The little girl said nothing. She reached out a fair-colored hand, snatching at the air that formerly contained her toy.

"No, Ana." the mother said, straightening herself as she stood, brushing off a few clinging leaves. Quickly, she zipped up one of the many pockets of her purse. "Go play."

The daughter stared blankly at her mother's purse and to the spot she expected her plane to appear any moment now.

"ANA." the mother repeated, voice rising and eyes on the verge of rolling in exasperation. "We're at a playground. Kids at playgrounds play. They don't sit around with a stupid plastic toy."

"But I don't want to." Ana said. “Don’t wanna go play.”

The mother sighed. "Ana, darling. Why can't you just be normal?"

"Elise. Elise." I said, tugging at the tight leash. The border collie flipped her head around, tongue still lolling and breath heaving from our last game of try-to-catch-me. "Let's go." I said, beginning to walk in the exit direction.

However, after a few seconds of walking, Elise started tugging and yanking at the leash, whining in a soft tone. I frowned, and then pulled back harder. A choking noise resulted, but I paid no attention to it. Stupid dog. Did she not understand what I meant when I pulled at the leash?

"Elise." I said again. "Home. Startseite. Now." I hoped she would remember the German word for home, but the apparently-deaf dog kept on choking herself on the ratty blue leash. I glanced up for a brief moment, curious to see what the dog was getting so ecstatic about.

A little kid, not much taller than my hip, sprinted head-on in my direction, yelling and screaming the entire way. I sidestepped, hoping—no, wanting to get out of her way. I wasn’t about to let some kid tackle me to the ground.
"Puppy!" the girl screamed, giggling and tackling my overly-enthusiastic dog into something resembling a headlock. Her smile stretched from ear to ear, and her face literally glowed with happiness. Her dark, almost black hair bounced around as she giggled.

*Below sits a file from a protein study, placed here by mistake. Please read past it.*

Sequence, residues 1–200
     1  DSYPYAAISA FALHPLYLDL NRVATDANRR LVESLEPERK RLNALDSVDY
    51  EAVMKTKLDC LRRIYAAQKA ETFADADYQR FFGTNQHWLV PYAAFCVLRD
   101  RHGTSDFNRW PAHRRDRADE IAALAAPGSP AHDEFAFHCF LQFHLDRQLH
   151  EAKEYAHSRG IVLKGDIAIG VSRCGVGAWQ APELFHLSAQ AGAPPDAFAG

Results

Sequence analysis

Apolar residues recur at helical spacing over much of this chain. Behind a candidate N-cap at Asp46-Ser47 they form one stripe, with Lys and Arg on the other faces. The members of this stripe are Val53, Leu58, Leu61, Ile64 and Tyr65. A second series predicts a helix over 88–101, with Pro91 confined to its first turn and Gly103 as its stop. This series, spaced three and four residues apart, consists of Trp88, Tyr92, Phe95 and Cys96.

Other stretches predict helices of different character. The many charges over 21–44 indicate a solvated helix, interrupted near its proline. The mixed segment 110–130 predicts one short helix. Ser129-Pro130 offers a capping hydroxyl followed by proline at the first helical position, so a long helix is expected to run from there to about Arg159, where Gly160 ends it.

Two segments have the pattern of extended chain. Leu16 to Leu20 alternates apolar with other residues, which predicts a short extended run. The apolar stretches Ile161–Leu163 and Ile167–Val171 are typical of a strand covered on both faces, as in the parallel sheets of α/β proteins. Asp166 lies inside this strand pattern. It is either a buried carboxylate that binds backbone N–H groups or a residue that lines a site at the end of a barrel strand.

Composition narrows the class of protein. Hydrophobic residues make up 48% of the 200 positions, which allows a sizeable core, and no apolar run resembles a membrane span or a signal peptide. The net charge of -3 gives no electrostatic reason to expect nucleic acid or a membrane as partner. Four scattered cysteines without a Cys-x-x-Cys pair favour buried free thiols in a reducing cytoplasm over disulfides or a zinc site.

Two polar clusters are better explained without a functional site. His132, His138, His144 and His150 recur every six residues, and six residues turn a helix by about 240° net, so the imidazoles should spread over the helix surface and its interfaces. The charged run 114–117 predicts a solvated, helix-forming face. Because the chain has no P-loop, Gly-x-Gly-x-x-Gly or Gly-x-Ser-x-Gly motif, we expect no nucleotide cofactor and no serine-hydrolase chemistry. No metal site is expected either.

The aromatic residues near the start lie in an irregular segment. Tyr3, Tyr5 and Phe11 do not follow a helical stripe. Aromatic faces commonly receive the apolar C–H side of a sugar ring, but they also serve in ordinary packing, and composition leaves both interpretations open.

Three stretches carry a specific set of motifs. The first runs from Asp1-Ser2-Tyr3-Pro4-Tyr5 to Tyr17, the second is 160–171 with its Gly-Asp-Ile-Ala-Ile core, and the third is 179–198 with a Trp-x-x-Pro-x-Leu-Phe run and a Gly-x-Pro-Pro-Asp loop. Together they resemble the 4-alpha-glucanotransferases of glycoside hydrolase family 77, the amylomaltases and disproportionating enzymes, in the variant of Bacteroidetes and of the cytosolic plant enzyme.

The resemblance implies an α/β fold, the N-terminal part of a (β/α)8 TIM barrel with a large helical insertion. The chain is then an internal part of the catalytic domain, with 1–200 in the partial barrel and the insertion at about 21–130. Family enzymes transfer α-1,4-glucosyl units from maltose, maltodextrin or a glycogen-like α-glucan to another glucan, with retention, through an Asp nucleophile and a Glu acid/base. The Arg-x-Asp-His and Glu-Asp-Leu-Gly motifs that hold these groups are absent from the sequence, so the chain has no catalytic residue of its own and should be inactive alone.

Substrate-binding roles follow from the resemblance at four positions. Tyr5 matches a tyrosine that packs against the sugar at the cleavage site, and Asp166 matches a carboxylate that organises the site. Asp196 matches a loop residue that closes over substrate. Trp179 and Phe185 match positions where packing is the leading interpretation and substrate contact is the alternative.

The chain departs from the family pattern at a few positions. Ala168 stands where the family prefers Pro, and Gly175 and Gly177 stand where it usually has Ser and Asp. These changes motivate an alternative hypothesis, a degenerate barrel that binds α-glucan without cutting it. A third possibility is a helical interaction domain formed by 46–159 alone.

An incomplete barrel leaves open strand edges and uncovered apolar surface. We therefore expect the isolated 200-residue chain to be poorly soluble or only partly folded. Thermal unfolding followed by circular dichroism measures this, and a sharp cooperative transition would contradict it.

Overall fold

"Um, hello?" I said, waving a hand in a flat, emotionless greeting to the girl.

The girl laughed, then stuffed her face into the dog's black and white side, muffling any response. Elise licked her forehead with a slobbery kiss, almost as if she'd known this girl her entire life.

I leaned back slightly, frowning and staring at this girl before attempting to correct myself with a standard Austrian greeting—one that I did know. "Guten Tag?" I tried.

The sound of high heels clinking in rapid succession diverted my attention. A tall lady speedwalked in my direction, and something about her reminded me of a grouchy grade-school principal.

I stared, not wanting to say anything and hardly made eye contact. I grimaced slightly as the lady, obviously her mother, reached and grabbed the girl's hand.

"Ana, come on. Leave that mutt alone." she said, and then turned to me. She fired off a string of German words, ones I couldn't understand. I stared blankly.

"Uhh, English please?" I said.
"Oh. Sorry." she said, in a clearly British accent. "I'm so sorry. My daughter, Ana...she's not right in the head, you see."

I nodded my head in understanding. The girl had hardly spoken to me and hadn’t even looked in my direction.

"I don’t quite know what it is with her..." she trailed off, shaking her head as she disgustedly pushed Elise away with a free foot. I wrapped a portion of the leash around my hand, forcing the dog to take a step backwards.

"Sorry." I mumbled, with a little hint of attitude.

"No, I'm the one who's sorry.” she said, eyebrows wrinkled in disgust. “Ana knows she's not supposed to just run off and play with dogs." I felt a teensy bit offended. Elise was pretty cool, as far as dogs went.

"Well, see you." she said, cutting off whatever I was about to say. She yanked at Ana's upper arm roughly.

"I don't wanna go." Ana whined. The second time I'd heard her voice today. Her mother wanted nothing to do with this, though.

"No." she growled, and just as quickly as the duo appeared, they were walking back down the crusty, leaf-lined sidewalk.

Elise whined, tugging at the leash again. She gazed up at me with pleading eyes, crying and begging me to let her off of the leash. I didn't.

"Bye?" I said in their general direction, not sure to whom I was talking to. The little girl, Ana, must have heard me though.

She flipped back around, and, much to her mother's disgust, she frantically waved her free hand and yelled out, "BYE, PUPPY!" she giggled again, then covered up her laugh for a moment. As she was dragged away yet again, I could still clearly make out the glowing smile etched upon her face.

At that moment, something changed inside of me. For the first time in who-knows-how long—

I smiled.

The author's comments:
If I ever get a border collie, I'm totally naming it Elise.